- March 28, 2020
- Posted by: p mulee
Most MPs have found themselves between a rock and a hard place after President Uhuru Kenyatta’s appeal to public and state officers to voluntarily take a pay cut to aid in the fight against the coronavirus disease.
On Wednesday, Uhuru and Deputy President William Ruto volunteered to take an 80 per cent pay reduction, with Cabinet Secretaries agreeing to have 30 per cent of their salaries slashed.
The head of state appealed to officers in other arms of government to also consider forfeiting a percentage of their salaries. Covid 19 is threatening to cripple the economy.
Interviews with several members of the National Assembly and senators painted a picture of individuals in a catch-22 situation, even though they are some of the best-paid legislators in the world.
The MPs earn about Sh1.3 million per month, inclusive of basic salary and several allowances, making them some of the best remunerated, not only in the region but around the globe.
While some stated their readiness for the reduction, a majority said slashing their pay will take a heavy toll on them – economically – as they are servicing huge loans they took at the beginning of the term of the 12th Parliament.
“My brother, some of us take home only Sh50,000 per month. If I was to accept a deduction, then my family will not eat. That is what it basically means,” a first-term ODM lawmaker said in confidence.
A Wiper MP was against the idea of taking a salary cut but could not go on record for fear of being branded insensitive to the plight of Kenyans.
“Please, don’t quote me but that is the truth. I, and not only me, most of us, we cannot go public on that. It will be detrimental. People will say we are insensitive,” the legislator said.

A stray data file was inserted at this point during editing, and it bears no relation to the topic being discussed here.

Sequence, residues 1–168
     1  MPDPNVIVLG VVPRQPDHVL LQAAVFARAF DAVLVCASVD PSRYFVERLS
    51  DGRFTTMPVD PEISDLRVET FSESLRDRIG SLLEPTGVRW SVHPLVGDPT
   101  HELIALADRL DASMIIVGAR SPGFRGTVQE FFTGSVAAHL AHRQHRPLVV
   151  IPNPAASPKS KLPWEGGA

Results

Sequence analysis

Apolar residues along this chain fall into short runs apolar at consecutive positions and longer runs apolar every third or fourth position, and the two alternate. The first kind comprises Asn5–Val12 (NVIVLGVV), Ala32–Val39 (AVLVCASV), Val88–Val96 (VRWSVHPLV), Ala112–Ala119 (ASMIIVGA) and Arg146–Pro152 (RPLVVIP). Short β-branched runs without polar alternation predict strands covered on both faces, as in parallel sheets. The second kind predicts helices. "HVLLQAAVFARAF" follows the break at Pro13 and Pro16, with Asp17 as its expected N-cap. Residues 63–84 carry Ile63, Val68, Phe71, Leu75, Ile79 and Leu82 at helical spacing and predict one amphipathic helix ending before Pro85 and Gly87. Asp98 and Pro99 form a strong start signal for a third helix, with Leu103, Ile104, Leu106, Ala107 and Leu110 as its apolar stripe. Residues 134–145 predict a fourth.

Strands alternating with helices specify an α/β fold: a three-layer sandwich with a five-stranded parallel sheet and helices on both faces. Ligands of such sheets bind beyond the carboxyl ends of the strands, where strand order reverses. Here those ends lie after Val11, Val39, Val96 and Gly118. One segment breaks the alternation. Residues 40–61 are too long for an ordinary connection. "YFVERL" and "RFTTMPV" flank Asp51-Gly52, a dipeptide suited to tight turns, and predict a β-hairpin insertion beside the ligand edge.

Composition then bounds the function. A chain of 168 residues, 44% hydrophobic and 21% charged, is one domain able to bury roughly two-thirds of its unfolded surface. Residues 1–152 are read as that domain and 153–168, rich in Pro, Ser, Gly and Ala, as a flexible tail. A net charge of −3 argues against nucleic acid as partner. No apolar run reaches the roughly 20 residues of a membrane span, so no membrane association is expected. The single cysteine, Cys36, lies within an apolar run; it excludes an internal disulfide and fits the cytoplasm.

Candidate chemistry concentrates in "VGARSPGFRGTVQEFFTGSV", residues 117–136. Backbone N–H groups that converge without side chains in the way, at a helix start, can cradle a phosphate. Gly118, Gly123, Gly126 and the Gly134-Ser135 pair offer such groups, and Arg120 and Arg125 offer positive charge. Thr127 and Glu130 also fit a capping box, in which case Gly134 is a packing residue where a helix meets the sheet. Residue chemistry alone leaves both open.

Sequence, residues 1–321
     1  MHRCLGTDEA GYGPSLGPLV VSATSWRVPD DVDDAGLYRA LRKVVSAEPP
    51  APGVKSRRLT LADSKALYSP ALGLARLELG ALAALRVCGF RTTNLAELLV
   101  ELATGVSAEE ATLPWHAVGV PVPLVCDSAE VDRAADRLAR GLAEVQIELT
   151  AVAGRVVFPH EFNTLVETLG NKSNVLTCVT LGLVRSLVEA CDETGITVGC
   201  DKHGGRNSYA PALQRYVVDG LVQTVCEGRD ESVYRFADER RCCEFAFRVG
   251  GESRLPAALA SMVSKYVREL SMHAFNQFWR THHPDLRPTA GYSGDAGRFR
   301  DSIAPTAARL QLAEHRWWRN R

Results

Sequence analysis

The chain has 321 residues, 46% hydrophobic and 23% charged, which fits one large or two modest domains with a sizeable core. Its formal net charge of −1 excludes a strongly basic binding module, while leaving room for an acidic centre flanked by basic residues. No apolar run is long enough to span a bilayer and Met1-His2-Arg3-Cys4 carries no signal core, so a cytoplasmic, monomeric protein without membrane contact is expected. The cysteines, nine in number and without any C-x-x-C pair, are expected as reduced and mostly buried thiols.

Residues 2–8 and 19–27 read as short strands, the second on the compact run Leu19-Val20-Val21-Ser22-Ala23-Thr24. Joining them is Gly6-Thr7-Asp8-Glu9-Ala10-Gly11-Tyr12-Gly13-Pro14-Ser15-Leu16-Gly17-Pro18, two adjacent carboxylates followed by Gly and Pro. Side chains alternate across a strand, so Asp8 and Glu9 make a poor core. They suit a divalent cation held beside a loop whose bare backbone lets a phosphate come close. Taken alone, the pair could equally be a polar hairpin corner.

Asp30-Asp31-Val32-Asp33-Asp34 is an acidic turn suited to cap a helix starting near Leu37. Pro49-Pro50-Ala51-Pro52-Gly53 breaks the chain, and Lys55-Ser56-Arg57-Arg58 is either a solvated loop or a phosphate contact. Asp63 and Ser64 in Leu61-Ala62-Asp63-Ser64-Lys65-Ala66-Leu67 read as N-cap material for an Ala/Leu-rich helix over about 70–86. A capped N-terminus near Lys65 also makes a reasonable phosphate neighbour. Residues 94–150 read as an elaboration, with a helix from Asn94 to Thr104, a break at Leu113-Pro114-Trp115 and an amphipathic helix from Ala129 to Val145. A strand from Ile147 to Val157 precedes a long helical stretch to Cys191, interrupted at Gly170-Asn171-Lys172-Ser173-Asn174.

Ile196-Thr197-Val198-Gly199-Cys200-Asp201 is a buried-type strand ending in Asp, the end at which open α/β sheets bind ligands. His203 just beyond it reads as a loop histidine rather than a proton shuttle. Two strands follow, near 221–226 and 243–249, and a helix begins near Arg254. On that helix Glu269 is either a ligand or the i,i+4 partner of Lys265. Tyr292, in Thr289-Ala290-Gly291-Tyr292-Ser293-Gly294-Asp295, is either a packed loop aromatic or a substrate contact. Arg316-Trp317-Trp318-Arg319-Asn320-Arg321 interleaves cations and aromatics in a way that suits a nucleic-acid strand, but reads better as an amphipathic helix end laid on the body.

Awendo MP Walter Owino and Makueni Senator Mutula Kilonzo Jr said it would be impractical for every member to take a pay reduction owing to the huge loans they are repaying.
“Some of us have commitments which may not allow us to take cuts. Let the Treasury retain the five per cent relief in our income tax,” Owino said.
Mutula cautioned that a blanket pay cut will punish some of them and instead proposed budget readjustments to free some cash for the fight against the virus.
“The only thing members can surrender is the allowances they collect from Parliament. We can free between Sh2 billion and Sh2.5 billion from travel, meetings, catering and conference allocations and channel it towards equipping hospitals and hiring of medical personnel,” he said.
On Thursday, speakers Kenneth Lusaka (Senate) and Justin Muturi (National Assembly) announced taking a 30 per cent pay cut and said negotiations were ongoing on how individual members could sacrifice part of their salaries.
Car loans and mortgages are the common facilities most parliamentarians are servicing. They are entitled to a personal car loan of up to Sh7 million and mortgage of as much as Sh20 million payable at an all-time low-interest rate of three per cent.
The MPs take home Sh710, 000 as basic salary and a number of allowances, which put their gross salary to at least Sh1, 378, 000 per month. The allowances include mileage, sitting, airtime, travel, good life and personal accident cover and responsibility perks, and attendance of plenary and committees.
In addition, the 416 lawmakers enjoy a Sh5 million car grant scheme and a generous medical allowance covering themselves, their spouses and up to four children. They are entitled to a weekly mileage allowance of Sh109 per kilometre for as many as 750 km per week and monthly car maintenance allowance of Sh356,525.
But with this huge income, not even the ‘good, generous’ MPs want their cash reduced. They have maintained they are broke and have been pushing for higher perks. They have been at war with the Salaries and Remuneration Commission, the constitutional agency charged with overseeing remuneration of state and public officers.
Just last year, the commission was forced to move to court to stop the legislators from awarding themselves Sh250,000 per person in monthly house allowance. They had already pocketed the money, backdating it by some months, behind the commission’s back, forcing the team to seek court intervention.